Whilst the UK has one of the best road safety records in the world, many drivers still fail to adhere to the speed limits that are posted. Speed is a critical factor in most road traffic accidents, and it is imperative that you recognise when and how to apply effective speed management techniques.

If you think about the way someone who drinks and drives is generally perceived, Dangerous, Anti-social, Selfish, and compare that to someone who speeds, even if it’s only occasionally. A good driver understands how speed, just like Drink driving, increases their chances of being involved in an accident, and the potential consequences, be that Legal, Financial, or Personal 


Imagine you’re driving along a road but you don’t know what the speed limit is? Well you’re probably not alone, and sometimes you need to be really eagle-eyed to see the posted limits, making it quite difficult to work out what the speed limit is. Well, unfortunately ignorance will not be a defence if you are caught, or cause an accident.

So we need to be constantly aware of the road and conditions ahead, and to ensure that not only are we aware of the speed limit, but we assess the best speed for the road conditions ahead.

Feeling the pressure from other drivers / peer pressure!

So you’ve identified the limit and you correct your speed accordingly, and before you know it, there is another sign and the limit changes again. So again you slow down and, try to keep to this new limit – only to find an irate queue of impatient drivers following along behind. The temptation is to speed up to relieve the feeling of ‘holding everyone up’ – well try to remember you are doing the safe legal limit – the drivers behind don’t know you, so it doesn’t matter – they’ll probably never seem you again – so try to keep calm and don’t let anyone antagonise or intimidate you.

The following are some TIPS for effective speed management, to stay safe and legal.

  1. Use your gears to stay in control. Selecting a lower gear will help you manage your speed in built-up areas, because engine braking will help to hold the vehicle back and prevent it running away from you. try using Third gear for 30mph and, for those challenging 20mph limits, try second. Modern engines use fuel-injection systems controlled by computer, meaning you won’t use more fuel.
  2. Looking out for street lights,  There is a simple method for knowing what the speed is, if you can see a system of street lights (that’s 3 or more), then the speed limit will be 30mph. They could also be on telegraph poles or strip lighting in tunnels, and they don’t have to be switched on. It doesn’t matter about the space between them, either – 3 or more and it’s a system. If there are no street lights, then it’s national speed limit (remembering, that it will vary depending on the type of road and the vehicle you are driving). This rule applies to all road types, apart from motorways. If the speed limit is anything different, it must be signed because signs overrule street lights.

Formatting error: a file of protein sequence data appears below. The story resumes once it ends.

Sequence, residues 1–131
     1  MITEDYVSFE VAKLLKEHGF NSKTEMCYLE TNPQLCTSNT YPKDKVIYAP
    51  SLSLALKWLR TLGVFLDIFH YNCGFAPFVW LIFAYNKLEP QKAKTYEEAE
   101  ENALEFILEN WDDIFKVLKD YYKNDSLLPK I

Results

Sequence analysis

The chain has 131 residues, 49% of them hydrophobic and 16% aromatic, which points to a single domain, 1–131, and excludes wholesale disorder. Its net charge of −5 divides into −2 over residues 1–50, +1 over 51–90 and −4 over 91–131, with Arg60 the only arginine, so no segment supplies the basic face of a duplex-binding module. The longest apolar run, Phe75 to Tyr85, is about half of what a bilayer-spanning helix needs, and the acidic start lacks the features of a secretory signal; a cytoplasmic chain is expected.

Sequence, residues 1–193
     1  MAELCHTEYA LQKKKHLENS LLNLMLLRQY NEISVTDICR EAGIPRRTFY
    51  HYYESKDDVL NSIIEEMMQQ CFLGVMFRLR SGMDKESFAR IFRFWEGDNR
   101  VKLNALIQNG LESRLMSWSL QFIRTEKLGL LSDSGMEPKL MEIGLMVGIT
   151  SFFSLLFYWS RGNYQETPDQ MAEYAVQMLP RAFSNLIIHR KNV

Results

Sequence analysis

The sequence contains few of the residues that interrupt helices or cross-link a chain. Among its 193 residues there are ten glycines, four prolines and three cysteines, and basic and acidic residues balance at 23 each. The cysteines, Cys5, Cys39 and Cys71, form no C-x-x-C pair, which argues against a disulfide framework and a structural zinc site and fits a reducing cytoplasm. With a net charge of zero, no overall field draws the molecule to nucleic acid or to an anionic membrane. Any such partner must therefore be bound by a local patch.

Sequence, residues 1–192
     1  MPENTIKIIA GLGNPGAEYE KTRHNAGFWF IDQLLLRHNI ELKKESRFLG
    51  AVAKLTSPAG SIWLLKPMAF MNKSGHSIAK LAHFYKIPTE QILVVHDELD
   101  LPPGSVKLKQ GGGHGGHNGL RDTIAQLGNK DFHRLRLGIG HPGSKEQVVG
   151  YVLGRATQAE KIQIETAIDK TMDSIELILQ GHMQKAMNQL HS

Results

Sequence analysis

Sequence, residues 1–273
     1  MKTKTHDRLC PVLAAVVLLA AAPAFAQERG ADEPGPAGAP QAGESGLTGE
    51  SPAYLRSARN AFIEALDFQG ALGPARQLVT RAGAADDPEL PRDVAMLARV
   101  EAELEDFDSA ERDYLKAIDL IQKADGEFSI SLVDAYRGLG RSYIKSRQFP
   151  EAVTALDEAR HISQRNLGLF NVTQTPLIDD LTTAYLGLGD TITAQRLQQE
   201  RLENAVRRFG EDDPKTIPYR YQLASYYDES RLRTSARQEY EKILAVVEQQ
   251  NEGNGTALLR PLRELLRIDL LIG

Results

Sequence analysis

3. Dual Carriageways A Dual carriageway has nothing to do with the number of lanes, but is defined by the fact that it must have a physical separation between the two opposing carriageways, be it grass, infill, concrete or metal barriers, or just a raised kerb down the middle. There could be one or more lanes in either direction, but the presence of two lanes alone does not constitute a dual carriageway.
  4. A dual carriageway with streetlights is limited to 30mph. Unless there are signs telling you otherwise, the speed limit will be 30mph – remember the streetlight rule. If the limit was anything different, there would be signs to tell you this. Many drivers forget that the streetlight rule applies to dual carriageways too, and are caught out because the road ‘looks faster’.
  5. Give yourself time. This is something I will be constantly reinforcing. One of the biggest causes of speeding, is time pressure, or running late. Often, people who are running late, are only travelling a relatively short distance, so speeding and driving aggressively will not save you much time, particularly in a town. REMEMBER, it is better to allow yourself that ‘safety margin’ of extra time, so you don’t feel pressured into breaking the law and risking speeding fines, points, or worse. Also a smooth, progressive drive within the speed limit uses up to 25% less fuel, and ultimately speed limits are just that – limits, not targets. There will be many occasions when the limit just isn’t appropriate, and you’ll need to adjust your speed accordingly. As a result, an important part of good driving is recognising when the posted limit IS or ISN’T appropriate for the conditions you are facing.